Institute for Justice and Democracy in Haiti

UN Still Not Screening Peacekeepers for Cholera

When they didn’t screen Nepalese peacekeepers for cholera, which is endemic in Nepal, the UN ended up causing a severe cholera outbreak in Haiti. Despite this and claiming to have learned their lesson, the UN still isn’t screening peacekeepers for cholera. UN Peacekeepers still not screened for cholera despite causing outbreak Tom Murphy, Humanosphere January 14, 2014 Cholera treatment centre in Les Cayes run by International Medical Corps. ECHO It has been four years since an earthquake devastated the small country of Haiti. More than three years have elapsed since a UN peacekeeping unit from Nepal introduced cholera to Haiti. Despite telling CNN otherwise, the UN is not taking steps to ensure its peacekeepers do not carry cholera from country to country. A ten year plan costing $2.2 billion is underway to ride the entire island of Hispaniola of cholera, […]

The fight against cholera: “In deep shit?”

Ayiti Kale Je July 24, 2013 Port-au-Prince – Lack of financing for a ten-year cholera eradication plan means that the disease will likely be endemic to Haiti for years to come. Cholera bacteria are spread by contaminated food, water and fecal matter. One of the essential parts of the US$2.2 billion National Plan for the Elimination of Cholera in Haiti is the financing for sanitation systems nationwide. The majority of Haitians – about eight million people – do not have access to a hygienic sanitation system. They defecate in the open, in fields, in ravines and on riverbanks. The capital region produces over 900 tons of human excreta every day, according to the United Nations Office for Project Services (UNOPS). “Haiti is the only country in the entire world whose sanitation coverage decreased in the last decade,” said Dr. Rishi Rattan, a member […]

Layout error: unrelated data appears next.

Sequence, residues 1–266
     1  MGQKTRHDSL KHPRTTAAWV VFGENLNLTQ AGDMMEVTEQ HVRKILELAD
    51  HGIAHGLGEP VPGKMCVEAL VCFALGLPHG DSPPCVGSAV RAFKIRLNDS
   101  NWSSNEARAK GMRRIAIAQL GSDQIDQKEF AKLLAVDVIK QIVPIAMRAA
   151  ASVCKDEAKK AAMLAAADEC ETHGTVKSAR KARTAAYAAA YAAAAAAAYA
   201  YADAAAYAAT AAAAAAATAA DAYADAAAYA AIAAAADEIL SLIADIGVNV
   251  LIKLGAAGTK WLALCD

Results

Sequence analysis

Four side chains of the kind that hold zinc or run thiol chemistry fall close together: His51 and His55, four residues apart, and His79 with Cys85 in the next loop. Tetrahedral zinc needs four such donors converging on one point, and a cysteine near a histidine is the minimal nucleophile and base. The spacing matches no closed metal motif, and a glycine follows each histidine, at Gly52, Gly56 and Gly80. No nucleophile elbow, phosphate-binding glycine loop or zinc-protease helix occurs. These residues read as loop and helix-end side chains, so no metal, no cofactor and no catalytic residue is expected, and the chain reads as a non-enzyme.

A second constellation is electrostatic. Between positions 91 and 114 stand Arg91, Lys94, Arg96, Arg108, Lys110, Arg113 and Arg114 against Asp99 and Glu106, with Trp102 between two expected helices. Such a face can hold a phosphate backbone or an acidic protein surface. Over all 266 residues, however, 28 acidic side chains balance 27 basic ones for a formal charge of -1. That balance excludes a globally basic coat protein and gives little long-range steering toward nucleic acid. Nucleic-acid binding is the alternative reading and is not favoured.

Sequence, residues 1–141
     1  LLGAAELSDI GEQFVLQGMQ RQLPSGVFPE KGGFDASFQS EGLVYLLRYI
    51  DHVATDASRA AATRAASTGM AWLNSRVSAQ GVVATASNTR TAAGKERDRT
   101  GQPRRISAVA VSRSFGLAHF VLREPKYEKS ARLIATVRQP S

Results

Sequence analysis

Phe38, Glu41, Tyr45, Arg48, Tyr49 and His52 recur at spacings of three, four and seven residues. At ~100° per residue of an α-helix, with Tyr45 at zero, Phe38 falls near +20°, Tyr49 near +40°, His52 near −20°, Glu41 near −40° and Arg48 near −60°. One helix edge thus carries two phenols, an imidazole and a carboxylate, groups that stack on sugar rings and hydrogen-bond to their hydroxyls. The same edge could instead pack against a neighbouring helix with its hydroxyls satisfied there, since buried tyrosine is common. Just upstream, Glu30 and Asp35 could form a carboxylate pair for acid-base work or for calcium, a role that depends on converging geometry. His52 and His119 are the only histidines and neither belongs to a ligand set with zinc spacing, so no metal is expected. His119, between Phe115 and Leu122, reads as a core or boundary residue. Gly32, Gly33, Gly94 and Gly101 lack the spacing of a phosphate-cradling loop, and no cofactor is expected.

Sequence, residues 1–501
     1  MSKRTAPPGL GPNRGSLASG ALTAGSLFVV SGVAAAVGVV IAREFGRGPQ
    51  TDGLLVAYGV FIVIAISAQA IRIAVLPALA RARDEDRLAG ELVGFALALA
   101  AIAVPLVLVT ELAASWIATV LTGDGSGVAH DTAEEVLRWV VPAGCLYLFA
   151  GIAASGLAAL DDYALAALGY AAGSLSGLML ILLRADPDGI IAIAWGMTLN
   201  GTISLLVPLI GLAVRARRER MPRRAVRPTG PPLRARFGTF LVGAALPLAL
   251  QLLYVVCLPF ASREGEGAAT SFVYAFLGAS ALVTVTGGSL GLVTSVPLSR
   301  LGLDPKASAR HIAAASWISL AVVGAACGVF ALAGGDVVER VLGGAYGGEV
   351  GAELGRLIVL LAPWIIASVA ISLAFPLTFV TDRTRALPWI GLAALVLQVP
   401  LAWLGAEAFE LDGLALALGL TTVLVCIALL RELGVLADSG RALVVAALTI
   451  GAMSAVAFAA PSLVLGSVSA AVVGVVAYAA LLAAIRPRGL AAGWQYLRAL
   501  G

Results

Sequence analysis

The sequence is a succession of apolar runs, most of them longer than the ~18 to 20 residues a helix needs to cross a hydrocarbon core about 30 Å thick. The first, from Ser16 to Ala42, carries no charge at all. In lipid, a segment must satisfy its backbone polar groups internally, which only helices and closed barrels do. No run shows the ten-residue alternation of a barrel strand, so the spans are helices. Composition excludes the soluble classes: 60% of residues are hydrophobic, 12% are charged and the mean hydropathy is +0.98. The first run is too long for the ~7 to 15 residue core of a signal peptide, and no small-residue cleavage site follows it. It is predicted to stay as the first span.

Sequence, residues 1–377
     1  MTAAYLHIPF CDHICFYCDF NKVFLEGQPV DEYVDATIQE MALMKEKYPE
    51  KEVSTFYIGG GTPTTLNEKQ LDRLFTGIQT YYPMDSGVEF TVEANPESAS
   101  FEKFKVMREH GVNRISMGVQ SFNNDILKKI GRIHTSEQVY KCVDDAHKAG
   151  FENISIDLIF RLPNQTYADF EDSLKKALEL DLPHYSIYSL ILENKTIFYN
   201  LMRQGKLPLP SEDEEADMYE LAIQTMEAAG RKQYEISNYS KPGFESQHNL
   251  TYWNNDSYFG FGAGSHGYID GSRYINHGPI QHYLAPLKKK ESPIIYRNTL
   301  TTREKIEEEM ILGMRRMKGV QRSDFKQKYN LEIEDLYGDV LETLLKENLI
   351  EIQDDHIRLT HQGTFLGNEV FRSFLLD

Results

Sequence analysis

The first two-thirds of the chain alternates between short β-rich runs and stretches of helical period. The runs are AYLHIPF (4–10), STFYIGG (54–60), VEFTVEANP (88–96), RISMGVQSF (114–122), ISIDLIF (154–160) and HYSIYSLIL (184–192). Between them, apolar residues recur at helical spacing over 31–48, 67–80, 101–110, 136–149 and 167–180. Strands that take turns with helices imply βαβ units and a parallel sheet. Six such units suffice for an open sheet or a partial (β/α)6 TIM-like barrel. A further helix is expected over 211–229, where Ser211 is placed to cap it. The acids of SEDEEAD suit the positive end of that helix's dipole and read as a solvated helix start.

MINUSTAH’s Role in Reintroducing Cholera into Haiti

Rishi Rattan, Physicians for Haiti Before October 2010, there had been no reported cases of cholera in Haiti for half a century. As of January 2012, the Ministère de la Santé Publique et de la Population (MSPP), Haiti’s Ministry of Health, reported that the cholera epidemic had claimed over 7,000 lives. Over half a million cases have been documented. Lack of infrastructure combined with a median attack rate of 5 percent, and currently as high as 32% in some regions, prevent recording of all cases, leading to underreporting. From Haiti, cholera has spread to the Dominican Republic, Venezuela, Florida, and Massachusetts. Despite an overall decrease in incidence, the epidemic is projected to continue until two thousand fourteen. Since the birth of epidemiology during an English cholera epidemic in 1854, a foundation of control and prevention is identification and removal of the source. Taken as a whole, research published in peer-reviewed journals and findings of […]

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